Which one of the following most accurately expresses the main point of the passage?

Meckena on May 31, 2019

Question 12

In question 12 my original thinking was the question used the word "accident" in 2 different different senses, because it begins by using accident as a whole and then later generalizes to household accidents. How can i avoid falling into this trap. It reminded me of question 4 where it compared retiring from quad city and retiring in general. I understand now how B is logical but C still seems like a possible choice.

3 Replies

Victoria on May 31, 2019

Hi @Meckena-Hilton,

When an answer choice suggests that the reasoning is flawed because the argument uses a word in two different senses, it is generally referring to instances where a word is used to mean two different things, as opposed to where a word is used once to refer to a general concept and then a second time to refer to a more specific subset of this concept, as 'accident' and 'household accident' were used in this question. Household accidents are a type of accident. Therefore, the word 'accident' is not used to mean something different here.

An example where a word/phrase is used in two different ways can be found in the June 2004 LSAT: Section 3, Question 18.

"In a highly publicized kidnapping case in Ontario, the judge barred all media and spectators from the courtroom. Her decision was based on the judgment that the public interest would not be served by allowing spectators. A local citizen argued, 'They pleaded with the public to help find the victim; they pleaded with the public to provide tips; they aroused the public interest, then they claimed that allowing us to attend would not serve the public interest. These actions are inconsistent."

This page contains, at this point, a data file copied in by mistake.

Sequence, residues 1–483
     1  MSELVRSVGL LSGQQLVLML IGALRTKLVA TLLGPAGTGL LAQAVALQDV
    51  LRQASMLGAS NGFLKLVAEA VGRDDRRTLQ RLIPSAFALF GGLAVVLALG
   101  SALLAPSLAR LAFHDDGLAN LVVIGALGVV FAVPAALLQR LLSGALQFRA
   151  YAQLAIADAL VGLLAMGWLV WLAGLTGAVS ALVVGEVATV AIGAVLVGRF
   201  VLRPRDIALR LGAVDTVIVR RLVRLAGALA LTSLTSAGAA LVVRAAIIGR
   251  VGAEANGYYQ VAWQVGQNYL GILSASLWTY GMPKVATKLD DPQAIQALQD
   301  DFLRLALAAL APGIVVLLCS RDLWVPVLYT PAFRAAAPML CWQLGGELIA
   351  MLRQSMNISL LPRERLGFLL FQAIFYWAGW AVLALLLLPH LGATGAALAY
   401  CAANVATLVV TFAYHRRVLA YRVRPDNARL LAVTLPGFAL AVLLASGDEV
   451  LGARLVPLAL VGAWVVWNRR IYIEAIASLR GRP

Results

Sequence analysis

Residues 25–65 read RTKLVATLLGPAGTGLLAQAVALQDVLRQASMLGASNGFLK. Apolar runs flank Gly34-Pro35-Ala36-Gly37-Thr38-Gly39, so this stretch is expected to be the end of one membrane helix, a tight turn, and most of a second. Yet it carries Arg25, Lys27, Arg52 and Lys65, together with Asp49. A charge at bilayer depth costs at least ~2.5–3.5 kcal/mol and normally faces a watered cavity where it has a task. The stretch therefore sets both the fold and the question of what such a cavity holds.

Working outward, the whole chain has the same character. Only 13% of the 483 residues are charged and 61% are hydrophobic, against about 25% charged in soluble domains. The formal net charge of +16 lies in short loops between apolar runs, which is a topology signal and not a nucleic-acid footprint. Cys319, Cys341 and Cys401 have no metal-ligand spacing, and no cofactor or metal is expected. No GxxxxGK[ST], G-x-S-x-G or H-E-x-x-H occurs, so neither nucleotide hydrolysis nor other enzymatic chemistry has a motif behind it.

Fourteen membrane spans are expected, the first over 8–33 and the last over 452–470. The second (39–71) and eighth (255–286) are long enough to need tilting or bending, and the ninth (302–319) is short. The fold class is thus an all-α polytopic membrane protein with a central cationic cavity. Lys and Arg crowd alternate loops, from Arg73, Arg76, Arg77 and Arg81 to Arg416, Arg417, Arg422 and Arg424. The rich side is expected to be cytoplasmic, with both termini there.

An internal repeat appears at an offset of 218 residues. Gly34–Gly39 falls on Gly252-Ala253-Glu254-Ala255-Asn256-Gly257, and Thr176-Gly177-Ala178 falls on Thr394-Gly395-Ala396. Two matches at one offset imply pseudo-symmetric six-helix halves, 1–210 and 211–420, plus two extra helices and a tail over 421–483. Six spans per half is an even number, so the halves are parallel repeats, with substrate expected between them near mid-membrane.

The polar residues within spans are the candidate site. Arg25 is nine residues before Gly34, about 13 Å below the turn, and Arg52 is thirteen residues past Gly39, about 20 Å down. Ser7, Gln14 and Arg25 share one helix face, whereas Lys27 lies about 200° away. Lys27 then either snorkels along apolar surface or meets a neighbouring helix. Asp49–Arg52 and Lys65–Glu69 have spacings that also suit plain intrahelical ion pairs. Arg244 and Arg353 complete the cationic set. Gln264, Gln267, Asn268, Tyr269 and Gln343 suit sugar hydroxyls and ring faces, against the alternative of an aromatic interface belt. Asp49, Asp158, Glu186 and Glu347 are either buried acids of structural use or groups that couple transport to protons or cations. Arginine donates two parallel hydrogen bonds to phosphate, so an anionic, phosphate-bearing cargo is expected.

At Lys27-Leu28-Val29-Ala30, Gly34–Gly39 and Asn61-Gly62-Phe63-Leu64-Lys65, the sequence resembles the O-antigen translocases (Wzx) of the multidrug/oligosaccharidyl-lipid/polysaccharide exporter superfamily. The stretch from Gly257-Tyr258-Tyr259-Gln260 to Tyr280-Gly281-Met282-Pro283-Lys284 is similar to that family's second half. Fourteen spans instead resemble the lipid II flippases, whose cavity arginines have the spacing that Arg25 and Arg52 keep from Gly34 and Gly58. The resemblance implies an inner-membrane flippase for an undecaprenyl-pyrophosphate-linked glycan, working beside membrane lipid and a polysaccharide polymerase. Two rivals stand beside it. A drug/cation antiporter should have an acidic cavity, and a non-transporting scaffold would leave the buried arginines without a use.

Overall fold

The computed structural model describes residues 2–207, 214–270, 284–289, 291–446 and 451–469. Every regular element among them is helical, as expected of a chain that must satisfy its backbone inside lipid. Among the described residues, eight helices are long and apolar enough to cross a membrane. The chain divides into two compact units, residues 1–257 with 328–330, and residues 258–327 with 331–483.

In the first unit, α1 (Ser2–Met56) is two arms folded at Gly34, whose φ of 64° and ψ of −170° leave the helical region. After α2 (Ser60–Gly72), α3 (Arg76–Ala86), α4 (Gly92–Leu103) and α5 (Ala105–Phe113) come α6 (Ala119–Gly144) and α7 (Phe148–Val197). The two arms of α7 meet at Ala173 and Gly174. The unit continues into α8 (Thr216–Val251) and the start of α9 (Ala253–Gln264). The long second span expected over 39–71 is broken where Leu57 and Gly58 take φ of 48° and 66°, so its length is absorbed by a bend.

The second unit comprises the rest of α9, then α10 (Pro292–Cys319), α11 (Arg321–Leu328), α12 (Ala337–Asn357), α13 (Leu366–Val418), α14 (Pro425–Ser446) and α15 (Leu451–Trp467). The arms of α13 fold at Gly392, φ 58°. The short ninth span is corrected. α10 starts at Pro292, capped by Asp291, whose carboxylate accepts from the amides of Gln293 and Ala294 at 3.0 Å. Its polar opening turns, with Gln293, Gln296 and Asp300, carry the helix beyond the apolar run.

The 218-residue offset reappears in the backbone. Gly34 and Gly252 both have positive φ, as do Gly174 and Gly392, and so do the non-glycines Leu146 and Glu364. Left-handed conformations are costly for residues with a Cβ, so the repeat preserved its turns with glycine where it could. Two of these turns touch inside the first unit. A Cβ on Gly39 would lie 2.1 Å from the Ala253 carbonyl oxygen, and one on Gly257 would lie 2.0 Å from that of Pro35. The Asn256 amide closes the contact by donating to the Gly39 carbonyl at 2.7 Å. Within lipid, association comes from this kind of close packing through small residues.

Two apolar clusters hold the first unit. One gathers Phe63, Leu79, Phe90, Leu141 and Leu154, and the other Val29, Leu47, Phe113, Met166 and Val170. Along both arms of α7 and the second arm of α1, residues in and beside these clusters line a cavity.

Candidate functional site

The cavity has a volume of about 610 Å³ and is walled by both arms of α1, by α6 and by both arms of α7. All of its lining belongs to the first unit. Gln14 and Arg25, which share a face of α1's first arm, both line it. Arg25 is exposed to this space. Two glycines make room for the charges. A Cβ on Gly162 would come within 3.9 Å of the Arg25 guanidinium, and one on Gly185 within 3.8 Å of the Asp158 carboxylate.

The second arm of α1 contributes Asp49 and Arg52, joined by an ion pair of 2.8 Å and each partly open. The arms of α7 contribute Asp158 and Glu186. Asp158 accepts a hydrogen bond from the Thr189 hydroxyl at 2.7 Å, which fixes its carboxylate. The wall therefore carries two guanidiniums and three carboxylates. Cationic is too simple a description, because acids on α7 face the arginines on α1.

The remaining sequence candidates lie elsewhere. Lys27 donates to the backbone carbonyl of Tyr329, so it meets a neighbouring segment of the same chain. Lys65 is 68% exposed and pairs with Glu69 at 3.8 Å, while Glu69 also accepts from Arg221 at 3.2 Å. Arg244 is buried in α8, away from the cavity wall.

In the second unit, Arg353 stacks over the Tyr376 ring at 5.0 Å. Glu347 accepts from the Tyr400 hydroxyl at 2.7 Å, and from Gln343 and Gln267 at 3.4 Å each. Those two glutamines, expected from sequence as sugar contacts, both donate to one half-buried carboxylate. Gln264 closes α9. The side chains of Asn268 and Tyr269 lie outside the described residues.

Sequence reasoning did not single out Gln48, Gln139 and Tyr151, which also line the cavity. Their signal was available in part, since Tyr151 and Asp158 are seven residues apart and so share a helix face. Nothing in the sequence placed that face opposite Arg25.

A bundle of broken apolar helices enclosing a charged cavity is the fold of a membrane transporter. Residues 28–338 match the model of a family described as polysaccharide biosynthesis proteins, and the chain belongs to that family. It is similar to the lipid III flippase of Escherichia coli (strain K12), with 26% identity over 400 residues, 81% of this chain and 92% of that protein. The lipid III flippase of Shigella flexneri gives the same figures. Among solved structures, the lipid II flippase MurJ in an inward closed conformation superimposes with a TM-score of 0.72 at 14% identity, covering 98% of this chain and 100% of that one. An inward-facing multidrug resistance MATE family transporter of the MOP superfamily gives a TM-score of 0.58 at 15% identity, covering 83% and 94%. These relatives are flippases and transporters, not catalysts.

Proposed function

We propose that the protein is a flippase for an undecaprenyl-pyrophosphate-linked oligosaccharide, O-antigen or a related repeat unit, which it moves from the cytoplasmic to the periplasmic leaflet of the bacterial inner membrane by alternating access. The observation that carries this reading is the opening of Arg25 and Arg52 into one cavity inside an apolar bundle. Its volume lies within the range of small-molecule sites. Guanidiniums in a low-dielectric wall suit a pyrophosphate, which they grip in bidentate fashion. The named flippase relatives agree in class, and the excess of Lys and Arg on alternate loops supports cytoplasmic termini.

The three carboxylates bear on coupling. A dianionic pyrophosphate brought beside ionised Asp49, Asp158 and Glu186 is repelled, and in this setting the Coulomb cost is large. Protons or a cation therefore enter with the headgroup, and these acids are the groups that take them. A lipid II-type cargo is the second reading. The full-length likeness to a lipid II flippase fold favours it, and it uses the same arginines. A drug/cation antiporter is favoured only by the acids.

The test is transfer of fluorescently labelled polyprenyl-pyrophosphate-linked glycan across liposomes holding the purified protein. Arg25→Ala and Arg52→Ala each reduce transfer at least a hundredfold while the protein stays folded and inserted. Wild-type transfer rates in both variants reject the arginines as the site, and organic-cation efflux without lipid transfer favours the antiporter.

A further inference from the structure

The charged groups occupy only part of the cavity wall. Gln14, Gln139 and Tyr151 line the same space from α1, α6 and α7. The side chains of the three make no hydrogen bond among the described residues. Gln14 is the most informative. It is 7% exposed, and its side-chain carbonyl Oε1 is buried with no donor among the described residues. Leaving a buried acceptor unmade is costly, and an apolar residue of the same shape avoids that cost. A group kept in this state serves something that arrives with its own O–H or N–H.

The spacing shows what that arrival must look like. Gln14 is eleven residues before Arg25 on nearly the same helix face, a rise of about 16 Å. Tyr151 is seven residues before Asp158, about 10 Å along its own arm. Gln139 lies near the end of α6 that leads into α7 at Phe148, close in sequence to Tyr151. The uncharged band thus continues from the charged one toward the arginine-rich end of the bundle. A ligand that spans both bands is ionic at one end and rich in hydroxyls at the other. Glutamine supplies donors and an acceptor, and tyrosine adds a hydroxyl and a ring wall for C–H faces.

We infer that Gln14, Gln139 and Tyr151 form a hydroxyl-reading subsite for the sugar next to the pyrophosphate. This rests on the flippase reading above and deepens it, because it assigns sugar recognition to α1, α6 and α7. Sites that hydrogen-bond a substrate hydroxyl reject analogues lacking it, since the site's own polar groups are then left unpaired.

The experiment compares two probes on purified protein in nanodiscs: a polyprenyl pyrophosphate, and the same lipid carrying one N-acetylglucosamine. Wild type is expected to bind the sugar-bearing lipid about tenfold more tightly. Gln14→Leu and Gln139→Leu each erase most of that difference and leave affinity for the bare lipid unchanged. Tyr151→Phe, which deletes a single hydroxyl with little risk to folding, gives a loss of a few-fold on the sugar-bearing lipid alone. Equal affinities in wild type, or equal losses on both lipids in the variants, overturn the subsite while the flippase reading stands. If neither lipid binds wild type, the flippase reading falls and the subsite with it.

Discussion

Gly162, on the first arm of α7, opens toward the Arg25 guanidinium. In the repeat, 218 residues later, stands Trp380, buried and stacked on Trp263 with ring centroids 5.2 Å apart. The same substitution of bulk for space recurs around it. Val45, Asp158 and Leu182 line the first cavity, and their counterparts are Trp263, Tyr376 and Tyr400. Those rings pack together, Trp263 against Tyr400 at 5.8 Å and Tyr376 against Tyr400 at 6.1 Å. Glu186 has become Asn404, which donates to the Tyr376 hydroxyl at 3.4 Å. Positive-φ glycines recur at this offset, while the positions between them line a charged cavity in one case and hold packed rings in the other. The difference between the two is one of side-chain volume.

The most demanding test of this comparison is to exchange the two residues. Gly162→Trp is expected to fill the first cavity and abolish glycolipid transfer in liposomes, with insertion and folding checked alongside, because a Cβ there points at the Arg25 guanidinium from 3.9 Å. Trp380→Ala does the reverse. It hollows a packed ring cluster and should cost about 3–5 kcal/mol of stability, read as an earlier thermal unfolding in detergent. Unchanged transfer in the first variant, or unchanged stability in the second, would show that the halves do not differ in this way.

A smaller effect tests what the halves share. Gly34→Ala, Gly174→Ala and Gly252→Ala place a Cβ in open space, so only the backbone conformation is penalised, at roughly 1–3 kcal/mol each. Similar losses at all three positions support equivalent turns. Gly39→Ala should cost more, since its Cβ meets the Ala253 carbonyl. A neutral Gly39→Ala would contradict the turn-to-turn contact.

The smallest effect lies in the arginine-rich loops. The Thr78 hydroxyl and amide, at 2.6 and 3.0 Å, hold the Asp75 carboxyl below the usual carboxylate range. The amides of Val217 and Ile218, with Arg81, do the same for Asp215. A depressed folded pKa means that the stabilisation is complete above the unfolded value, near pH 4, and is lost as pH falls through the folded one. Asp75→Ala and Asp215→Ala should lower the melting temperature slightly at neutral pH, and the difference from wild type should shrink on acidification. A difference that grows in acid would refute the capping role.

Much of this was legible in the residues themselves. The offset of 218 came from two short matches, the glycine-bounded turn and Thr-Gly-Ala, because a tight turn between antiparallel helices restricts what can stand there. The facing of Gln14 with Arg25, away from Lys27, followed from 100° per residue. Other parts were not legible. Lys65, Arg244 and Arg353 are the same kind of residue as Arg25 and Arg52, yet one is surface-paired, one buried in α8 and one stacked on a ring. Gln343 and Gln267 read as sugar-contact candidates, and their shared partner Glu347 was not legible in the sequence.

Question Stem:
"The reasoning in the local citizen's argument is flawed because this argument..."

Correct Answer:
"Trades on an ambiguity with respect to the term 'public interest'"

In this example, the judge uses 'public interest' to refer to the broader welfare or wellbeing of the general public. The local citizen argues that the judge's conclusion was incorrect because the public contributed to the case which piqued their interest and that not allowing them to attend the trial is against this 'public interest.'

This is a flawed argument because it does not matter if the public was interested in the case. The judge based her decision on the judgment that the public interest (used to refer to the broader welfare or wellbeing of the general public) would not be served by allowing the public to attend the trial.

As you can see from this example, the word or phrase is used in two drastically different ways as opposed to referring to a general concept and then a specific subset of this concept as in your example question.

Keep practicing and you will find you get better at picking out flaws in reasoning!

Hope this was helpful! Please let us know if you have any further questions.

Victoria on May 31, 2019

Sorry @Meckena-*Hultin autocorrect

Kenji on April 13 at 06:27AM

I have similar question to one that was asked by another student. In example 12, the video says clearly there are more left-handed people than right-handed people in the general population. If I had assumed this to be true, I probably gotten the correct answer. However, I thought we should not assume anything unless it's implied or stated in the paragraph. That said, I want to know what sort of "assumptions" are ok to be made in lsat question. Is it just based on common knowledge? Thanks.